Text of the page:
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Asda Income Tracker - July 2019

Five ASDA associates are tapping their pocket book area

Highest wage growth in ten years boosts the Income Tracker

The latest figures from the Asda Income Tracker reveal that:
· Regular pay rose at the fastest rate since mid-2008, boosting Income Tracker growth
· Family spending power is up 6.1% year-on-year – the fastest increase since February this year
· Unemployment figures are the lowest since 1974 – sitting at 3.8% in the 3 months to May
· Regular pay (excluding bonuses) has increased by 3.6% year-on-year – the highest rate since the 3 months to July 2008
· Job boom shows signs of slowing as the number of full time workers falls by 77,000 while part time worker numbers increase by 86,000
The Asda Income Tracker is a measure of ‘discretionary income’, reflecting the amount of money remaining after the average UK household has had taxes subtracted from their income and covered essential spending such as: groceries, electricity, gas, transport costs and mortgage payments or rent.

The full report can be found here.

Family spending power averaged £214 a week after another welcome boost in June. The Income Tracker saw a 6.1% year-on-year increase, with families enjoying an extra £12.32 a week in their pockets.
The rise was supported by regular pay growth which stood at 3.6% year-on-year in the 3 months to May – the highest rate since the recession.
Total household income, before taxes and essential spending are subtracted, stood at £812 per week.
Over the past year, income growth has accelerated significantly as employers bump up their wages to attract and retain talent. Average annual gross income growth stood at 2.6% in the second quarter of 2018, going up to 3.5% for the same period this year.
This, alongside unemployment remaining at 3.8% - the lowest rate since 1974 - is keeping the labour market strong.
However, there has been a drop in the number of people in full-time work as the figure fell by 77,000 over the quarter, offset by an 86,000 worker boost to part-time employment. This suggests firms are moderating their hiring intentions in the current climate.

Inflation, as measured by the Consumer Price Index, remained unchanged for June, sitting at 2.0%.
The cost of clothing and footwear fell by 0.4% year-on-year, marking the 10th consecutive month of negative growth. Still, comparing the monthly price change to that of the previous year, prices fell by a smaller amount, causing upwards pressure on the price index.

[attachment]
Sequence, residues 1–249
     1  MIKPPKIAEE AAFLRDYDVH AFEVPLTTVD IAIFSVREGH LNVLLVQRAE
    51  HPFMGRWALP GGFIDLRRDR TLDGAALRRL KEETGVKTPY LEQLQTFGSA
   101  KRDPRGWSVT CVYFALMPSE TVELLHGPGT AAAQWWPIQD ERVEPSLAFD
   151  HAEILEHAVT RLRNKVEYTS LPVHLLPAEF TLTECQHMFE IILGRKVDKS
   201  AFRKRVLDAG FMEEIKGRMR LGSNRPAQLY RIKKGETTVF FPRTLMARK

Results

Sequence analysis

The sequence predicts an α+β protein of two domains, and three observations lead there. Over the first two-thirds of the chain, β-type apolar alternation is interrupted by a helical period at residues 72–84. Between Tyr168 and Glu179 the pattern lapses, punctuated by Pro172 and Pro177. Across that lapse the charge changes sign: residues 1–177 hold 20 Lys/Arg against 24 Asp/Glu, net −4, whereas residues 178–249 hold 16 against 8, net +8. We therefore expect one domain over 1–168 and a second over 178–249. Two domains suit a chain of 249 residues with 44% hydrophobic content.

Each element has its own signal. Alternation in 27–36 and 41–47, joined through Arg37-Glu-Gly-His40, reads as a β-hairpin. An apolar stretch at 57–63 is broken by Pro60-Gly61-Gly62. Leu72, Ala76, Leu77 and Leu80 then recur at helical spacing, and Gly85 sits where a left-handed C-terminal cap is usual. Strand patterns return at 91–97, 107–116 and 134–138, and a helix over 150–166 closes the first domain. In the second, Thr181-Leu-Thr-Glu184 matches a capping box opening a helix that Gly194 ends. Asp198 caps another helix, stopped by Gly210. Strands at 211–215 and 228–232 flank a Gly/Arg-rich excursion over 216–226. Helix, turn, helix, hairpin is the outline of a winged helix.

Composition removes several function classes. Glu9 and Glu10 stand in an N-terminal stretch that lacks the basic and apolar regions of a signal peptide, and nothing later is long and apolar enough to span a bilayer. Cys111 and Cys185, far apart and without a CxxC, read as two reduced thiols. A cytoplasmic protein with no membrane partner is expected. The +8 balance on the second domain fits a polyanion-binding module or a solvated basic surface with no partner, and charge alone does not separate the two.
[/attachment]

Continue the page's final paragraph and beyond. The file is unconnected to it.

This was offset by the slowing rate of inflation for transport, housing & utilities, and recreation & culture.
Fuel price inflation fell to 0.7%, the lowest rate since February this year, providing welcome relief for family budgets.

While gross incomes have seen healthy growth, across the UK Income Tracker growth has moderated slightly between the first and second quarter.
Only two regions, Northern Ireland and the South East, have seen an acceleration in family spending power growth over this period. A slowdown has been felt across the other regions, leading to a fall in the average UK-wide Income Tracker growth rate, from 6.1% in Q1 2019 to 5.8% in Q2.
Ofgem’s price cap rise in April saw a steep increase in the cost of gas and electricity, affecting millions of families across the country. This has had a knock on effect on the Income Tracker as the cost of essentials has risen.
The North East and the South West have seen a particular slowdown, with family spending power growth slowing by 1.7 percentage points between the first and second quarter of 2019.
However, the UK-wide average family spending power rose to £213 in the second quarter of 2019, with families in London enjoying the highest average discretionary income at £292 per week. London also saw the highest discretionary income rise in absolute terms at £16.20.

Northern Ireland extended its run of robust Income Tracker growth rates, showing an annual increase in family spending power of 8.4% in the second quarter, unchanged from Q1.
At a rate of 3.1%, unemployment remains well below the national average.
Meanwhile, the share of employees working in the public sector has fallen below 25% for the first time since comparable records began. This suggests an increasingly dynamic private-sector led economy in Northern Ireland.

Scotland’s economy showed resilience in the first quarter of the year, posting GDP growth of 0.5%. The picture is somewhat distorted, however, by producers building up stockpiles ahead of a potentially disruptive Brexit.
Income Tracker growth in Scotland stood at 6.3% in Q2 2019, slightly below the 7.3% recorded in the first quarter. The Scottish rate of unemployment remained unchanged in the three months to May, standing at 3.3% and thereby below the national average.
At 3.5%, wage growth in Scotland remains just below the UK-wide rate.

Nina Skero, Director, Centre for Economics and Business Research (Cebr), said:
“The latest ASDA Income Tracker paints a healthy picture of family spending power, increasing 6.1% year-on-year in June, the third highest annual growth rate in three years. The Income Tracker has been boosted by a tight labour market which is supporting wage growth – regular pay is now rising at the fastest rate since the recession. Still, some households have seen higher essentials costs, led by higher electricity and gas prices, eat away at their discretionary income.”